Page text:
A determination of when a plaintiff has entered a position of immediate danger must be made in light of the facts and circumstances of each particular case. Todd v. Presley, 413 S.W.2d 173, 176 (Mo. 1967); Hood v. Heppler, 503 S.W.2d 452, 457 (Mo.App.1973). The question of when and where a plaintiff comes into a position of immediate danger is a jury question. Yarrington v. Lininger, supra, at 109; Nelson v. O'Leary, 291 S.W.2d 142, 148 (Mo. 1956); Welch v. McNeely, 269 S.W.2d 871, 876 (Mo. 1954). However, there must be substantial evidence from which the jury can make this determination. Clifton v. Crider, supra, at 278; Burks v. Wilson, supra, at 128.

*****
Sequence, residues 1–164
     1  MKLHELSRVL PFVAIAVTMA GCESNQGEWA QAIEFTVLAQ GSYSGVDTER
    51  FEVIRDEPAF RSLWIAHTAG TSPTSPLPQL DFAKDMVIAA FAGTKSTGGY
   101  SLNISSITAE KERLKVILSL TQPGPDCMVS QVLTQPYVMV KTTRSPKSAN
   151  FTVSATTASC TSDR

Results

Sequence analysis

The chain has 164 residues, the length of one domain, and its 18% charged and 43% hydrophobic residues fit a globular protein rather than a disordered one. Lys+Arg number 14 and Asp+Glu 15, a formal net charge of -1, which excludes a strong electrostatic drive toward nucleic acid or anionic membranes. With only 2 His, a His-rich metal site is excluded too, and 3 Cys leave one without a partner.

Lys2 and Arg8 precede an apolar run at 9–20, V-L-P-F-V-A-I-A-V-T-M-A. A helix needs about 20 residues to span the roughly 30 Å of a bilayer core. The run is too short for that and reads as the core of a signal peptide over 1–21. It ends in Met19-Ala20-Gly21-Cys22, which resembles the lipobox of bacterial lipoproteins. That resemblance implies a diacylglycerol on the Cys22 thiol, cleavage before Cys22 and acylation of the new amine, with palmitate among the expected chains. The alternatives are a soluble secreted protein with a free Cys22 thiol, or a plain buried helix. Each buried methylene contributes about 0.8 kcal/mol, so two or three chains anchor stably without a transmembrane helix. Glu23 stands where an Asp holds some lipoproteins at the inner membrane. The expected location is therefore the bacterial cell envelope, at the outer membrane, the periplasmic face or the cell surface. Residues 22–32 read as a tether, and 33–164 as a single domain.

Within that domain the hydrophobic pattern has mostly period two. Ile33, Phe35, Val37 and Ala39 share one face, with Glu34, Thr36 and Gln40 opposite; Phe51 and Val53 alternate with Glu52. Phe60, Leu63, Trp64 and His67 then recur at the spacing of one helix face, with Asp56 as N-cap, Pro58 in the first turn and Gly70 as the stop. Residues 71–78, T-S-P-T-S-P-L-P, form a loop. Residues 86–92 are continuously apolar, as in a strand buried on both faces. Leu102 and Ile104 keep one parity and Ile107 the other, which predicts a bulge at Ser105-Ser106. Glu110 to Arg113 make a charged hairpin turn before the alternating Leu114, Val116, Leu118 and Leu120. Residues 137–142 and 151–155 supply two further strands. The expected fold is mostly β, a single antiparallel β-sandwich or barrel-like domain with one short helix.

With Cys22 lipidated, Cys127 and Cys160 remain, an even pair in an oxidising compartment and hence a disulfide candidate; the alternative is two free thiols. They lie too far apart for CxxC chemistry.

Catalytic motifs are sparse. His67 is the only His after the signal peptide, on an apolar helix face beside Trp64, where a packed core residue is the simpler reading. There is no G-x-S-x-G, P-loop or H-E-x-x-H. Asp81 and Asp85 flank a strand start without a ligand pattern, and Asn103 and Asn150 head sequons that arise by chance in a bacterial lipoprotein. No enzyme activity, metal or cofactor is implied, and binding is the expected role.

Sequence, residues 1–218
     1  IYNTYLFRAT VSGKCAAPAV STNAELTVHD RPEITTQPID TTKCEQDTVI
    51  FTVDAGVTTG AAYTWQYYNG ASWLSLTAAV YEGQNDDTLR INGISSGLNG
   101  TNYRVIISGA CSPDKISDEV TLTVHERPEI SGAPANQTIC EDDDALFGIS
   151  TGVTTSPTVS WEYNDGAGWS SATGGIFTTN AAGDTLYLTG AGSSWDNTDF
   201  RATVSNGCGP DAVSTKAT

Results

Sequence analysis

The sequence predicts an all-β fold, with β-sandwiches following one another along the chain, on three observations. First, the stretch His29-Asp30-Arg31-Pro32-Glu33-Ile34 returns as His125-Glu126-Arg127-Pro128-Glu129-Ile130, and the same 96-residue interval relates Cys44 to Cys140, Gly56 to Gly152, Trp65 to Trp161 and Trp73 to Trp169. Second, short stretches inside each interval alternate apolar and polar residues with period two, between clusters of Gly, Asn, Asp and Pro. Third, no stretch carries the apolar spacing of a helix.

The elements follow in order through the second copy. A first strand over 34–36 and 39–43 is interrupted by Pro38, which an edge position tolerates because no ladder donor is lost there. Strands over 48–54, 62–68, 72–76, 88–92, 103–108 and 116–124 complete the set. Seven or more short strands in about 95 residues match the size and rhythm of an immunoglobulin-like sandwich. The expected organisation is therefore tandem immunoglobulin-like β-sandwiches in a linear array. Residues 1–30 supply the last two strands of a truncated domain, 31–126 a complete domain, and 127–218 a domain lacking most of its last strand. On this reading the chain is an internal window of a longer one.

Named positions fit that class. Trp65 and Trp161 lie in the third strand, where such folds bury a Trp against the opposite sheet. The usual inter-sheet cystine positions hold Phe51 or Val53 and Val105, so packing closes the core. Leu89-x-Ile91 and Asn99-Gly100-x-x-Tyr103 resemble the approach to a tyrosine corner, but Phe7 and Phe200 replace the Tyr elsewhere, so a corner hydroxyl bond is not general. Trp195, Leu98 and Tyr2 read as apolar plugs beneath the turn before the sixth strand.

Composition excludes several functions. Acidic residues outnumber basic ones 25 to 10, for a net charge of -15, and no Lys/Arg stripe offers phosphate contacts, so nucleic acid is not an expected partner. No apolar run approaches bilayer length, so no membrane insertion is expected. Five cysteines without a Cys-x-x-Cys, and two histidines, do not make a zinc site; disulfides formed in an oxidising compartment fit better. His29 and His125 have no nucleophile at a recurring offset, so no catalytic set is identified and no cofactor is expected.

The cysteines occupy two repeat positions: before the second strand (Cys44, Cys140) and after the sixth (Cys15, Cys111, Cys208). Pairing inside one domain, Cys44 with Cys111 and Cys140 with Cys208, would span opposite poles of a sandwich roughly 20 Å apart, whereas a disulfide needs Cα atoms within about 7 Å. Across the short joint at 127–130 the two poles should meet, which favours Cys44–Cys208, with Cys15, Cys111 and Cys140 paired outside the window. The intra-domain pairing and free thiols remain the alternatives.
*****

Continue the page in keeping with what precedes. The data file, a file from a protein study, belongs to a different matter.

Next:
In light of the facts and circumstances of this case, could the jury have determined at what point the station wagon entered into a position of immediate danger without resorting to speculation or conjecture? The plaintiffs assert that their parents first came into a position of immediate danger when they were first seen by Davis cresting the hill in the wrong lane. But that was not the point of immediate danger. Simply because the Epple car was in the wrong lane at this point does not place the occupants in a position of immediate danger, for Davis had the right to assume, absent some indication to the contrary, that the approaching vehicle would obey the rules of the road and return to its own side of the road. Nolte v. Childress, 387 S.W.2d 569, 573 (Mo. 1965); Nelms v. Bright, 299 S.W.2d 483, 489-490 (Mo. banc 1957); State ex rel. State Highway Commission v. Daigh, 464 S.W.2d 524, 526 (Mo.App.1971). At the time the station wagon crested the hill there was nothing in the reasonable appearances of the circumstances from which Davis could have or should have believed that it would not return to its proper lane. Absent any reason to believe that the Epple car would not return to its lane, a consideration of the location and speeds of the respective vehicles indicates that at the time the station wagon crested the hill the danger of collision was not immediate, impending or certain. The car was between 250 and 350 feet from the point of impact *541 as it came over the hill and was traveling at a speed of 50-55 m. p. h., or approximately 73-80 feet per second. Thus, as it crested the hill, it would take between three to five seconds for it to reach the point of impact. Davis was traveling at a speed of 40 m. p. h., or approximately 60 feet per second, when he first saw the station wagon. Thus, he was between 180 and 300 feet from the scene of the accident at that time. The total distance separating the two vehicles when Davis first saw the Epple car was between 430 and 650 feet. Under the time span and the distances involved, the danger of collision was not certain or immediate when the station wagon crested the hill, for there was ample time and space for the Epple car to return to its lane. Nolte v. Childress, supra. Thus, the plaintiffs' parents were not in a position of immediate danger when they first came into view.